Hotlines are an incredibly valuable tool for identifying compliance issues and many other problems. Every organization should have a system for people to report—either anonymously or with reporter identification.
But many organizations overlook a rather obvious factor present in many hotline cases, even when the hotline information was valuable and culminated in an effective investigation: Is this really the second or third attempt by the reporter to bring this matter to our attention? Did the reporter previously bring the concern to our attention by reporting it to their manager or some other in-person channel, only to have it go nowhere from there?
We’ll take all the useful information we can get through a hotline. But wouldn’t it be an even better sign for our organizational culture if people felt comfortable reporting things to their managers? Outside of instances where the manager is the problem, the consensus among most compliance and ethics professionals is that we’d rather have a culture where employees feel comfortable speaking directly with their manager when they see something troubling in the department.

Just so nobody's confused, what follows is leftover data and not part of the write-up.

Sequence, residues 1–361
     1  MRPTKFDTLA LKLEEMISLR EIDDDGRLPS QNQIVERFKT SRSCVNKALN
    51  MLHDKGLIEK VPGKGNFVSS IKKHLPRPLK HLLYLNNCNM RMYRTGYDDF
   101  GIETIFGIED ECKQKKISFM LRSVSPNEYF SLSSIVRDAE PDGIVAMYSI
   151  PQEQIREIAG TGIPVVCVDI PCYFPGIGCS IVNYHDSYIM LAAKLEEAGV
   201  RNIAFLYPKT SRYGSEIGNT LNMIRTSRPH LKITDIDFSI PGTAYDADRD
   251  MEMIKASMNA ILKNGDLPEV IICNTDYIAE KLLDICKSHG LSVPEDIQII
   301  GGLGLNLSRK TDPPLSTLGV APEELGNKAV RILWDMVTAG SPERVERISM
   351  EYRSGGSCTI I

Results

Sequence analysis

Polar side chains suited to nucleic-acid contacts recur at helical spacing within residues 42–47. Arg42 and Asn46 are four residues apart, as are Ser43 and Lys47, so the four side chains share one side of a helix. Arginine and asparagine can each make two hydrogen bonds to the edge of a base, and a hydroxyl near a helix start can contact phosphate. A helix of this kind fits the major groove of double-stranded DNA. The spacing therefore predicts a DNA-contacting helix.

So, even if the information received via the hotline is accurate and helpful, asking whether the issue has been reported beforehand can provide insight into our culture. And if it hadn’t been reported to a manager, why not?
And this leads to another, even more critical, issue. What does it mean if the reporter tells us they reported it to their manager earlier, and the manager did nothing about it?
This is the more important reason for asking whether the issue was previously reported. Managers should be trained to take compliance matters seriously when they hear about them and to know what the expected follow-up steps are supposed to be. And if we find out a manager is not meeting these expectations or in some way neglecting the need to follow up on a reporter’s concerns, we need to investigate the manager.
It’s possible the manager inappropriately dismissed the matter hastily without following up sufficiently. This isn’t good, but it could be worse. The manager may be complicit in the reported activity or is at least benefiting from it. Either way, there is follow-up to be done.